Tell Me About Yourself…
Hi, my name is Ray Milligan. I’m 45 years old, I’ve been married to my beautiful wife for 24 years. We have 6 boys ages 3-17. As a family there’s two major things we like to do for fun: dirt biking and obstacle course races. They’re both great activities to keep us healthy and active, get our blood flowing and adrenaline going.
I’ve been doing obstacle course races since about 2014. I’ve been involved in 50 Spartan events including 10 Trifectas, an Ultra, a Hurricane Heat, and 15 Tough Mudders. I’m excited now that my kids are getting older so we can do the adult courses together!
Why Do You Mudder?
Why I mudder has been an evolution – it started off as curiosity which turned into an obsession. I mudder now because of my kids. The reason why is because when I was younger, I was never very confident. I was athletic but never felt like I fit in because of my size. As I’ve done these mud runs, I’ve been able to push myself, train harder, and really apply myself to do things I never thought was possible or I was capable of.
What I want to do is show my kids that no matter your size or age, you’re capable of amazing things. You have to set a goal, work hard, and train, but you can achieve anything. It took me over 30 years to gain this confidence, and I want to make sure I’m instilling this confidence in them at a young age.
Where Do You Find Motivation?
We all find motivation in different places. I think the most interesting place I’ve found motivation was after a Tough Mudder event in Tahoe. I found a Holy Grail hat in the Merch tent and I thought the design of it was awesome, so I bought it despite not knowing what Holy Grail consisted of – I didn’t know what I was getting myself into. After doing the research, I figured I bought the hat and now I had to earn it.
I signed up that year for Holy Grail, then completed Toughest Mudder and World’s Toughest Mudder. I found it interesting that something that started out as a $20 hat really pushed me far beyond my limits of what I ever thought I was capable of.
How Would You Describe Tough Mudder to Someone Who’s Never Done One?
The way I would describe Tough Mudder is that it’s an event like no other. No matter your fitness level, whether you’re a beginning or an elite athlete, it’s something that will challenge you. It’s something that carries over to your personal life to help you set goals and do your best on a daily basis.
By doing Tough Mudder, you’re joining a community. You could be out at the store wearing your Tough Mudder t-shirt and someone approaches you and you hold a conversation about the events you’ve done. I was in Japan and someone approached me because of my Tough Mudder shirt. We started talking about the events we’ve done. I think it’s great because it reaches not only a local community, but a global one as well.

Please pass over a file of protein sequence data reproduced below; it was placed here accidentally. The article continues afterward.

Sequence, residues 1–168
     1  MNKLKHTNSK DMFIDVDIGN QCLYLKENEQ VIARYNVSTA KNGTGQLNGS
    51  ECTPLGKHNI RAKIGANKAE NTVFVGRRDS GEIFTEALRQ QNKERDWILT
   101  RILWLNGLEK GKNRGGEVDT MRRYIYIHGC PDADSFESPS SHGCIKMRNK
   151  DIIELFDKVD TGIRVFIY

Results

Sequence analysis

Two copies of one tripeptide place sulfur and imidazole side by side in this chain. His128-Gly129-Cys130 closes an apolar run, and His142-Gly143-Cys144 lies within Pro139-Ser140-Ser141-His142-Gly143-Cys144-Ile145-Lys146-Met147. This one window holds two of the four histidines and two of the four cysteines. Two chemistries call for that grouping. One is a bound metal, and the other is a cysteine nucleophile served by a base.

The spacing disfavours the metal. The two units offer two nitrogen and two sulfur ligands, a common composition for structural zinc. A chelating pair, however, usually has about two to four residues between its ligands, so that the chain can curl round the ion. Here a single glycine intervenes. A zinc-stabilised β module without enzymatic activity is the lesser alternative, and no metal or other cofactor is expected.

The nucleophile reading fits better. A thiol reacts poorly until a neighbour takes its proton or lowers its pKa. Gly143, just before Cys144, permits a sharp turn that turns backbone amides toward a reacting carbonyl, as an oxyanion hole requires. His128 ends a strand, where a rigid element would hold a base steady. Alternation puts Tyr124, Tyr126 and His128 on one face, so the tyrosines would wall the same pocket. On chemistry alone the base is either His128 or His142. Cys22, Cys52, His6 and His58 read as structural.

Tell Us About Your Injuries
With any activities, there’s the inherent risk of injury. I’ve had my fair share of broken bones, muscle strains, and a dislocated shoulder. The worst one I’m dealing with now happened at the race track on a dirt bike. I overshot a jump and I was thrown over the handlebars when I landed. I landed on my back and shattered my L2 vertebrae, splitting it in half.
After months of imaging, they decided I’d need a spinal fusion. It was devastating news because we planned a great summer of activities, including Tough Mudder – it would’ve been my sons’ first. I talked to my doctor and while he didn’t think it was a great idea, he didn’t think it would do additional damage. I slowly recovered and did some training, and was able to complete the Tough Mudder with my sons in Sonoma. I was so proud of them and myself. 3 days later I had spinal surgery and I’m currently recovering from that.
What Are Your Goals This Year?
My biggest goal this upcoming year is to get back to where I was prior to my surgery. I understand that may not be a completely realistic goal given limitations with flexibility and the rods and screws in my back, but I’m gonna push myself to get as close as possible.
I already signed myself and my kids up for the event in August 2023 which will be a year from my surgery. I’m hoping I can get into training sooner and get in good enough shape for the event. I can’t wait to get back out there with my family, friends, and the community, and earn another headband.
Is There a Cause You Care About?
Working with children’s hospitals. I spent some time with my boys at Oakland Children’s Hospital for their autoimmune disease. It’s heartbreaking to see all the sick children. I think being a part of raising awareness and funds for such a good cause would be really meaningful to me.
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Some sentences may be adjusted to improve readability due to the nature of transcribing in-person interviews.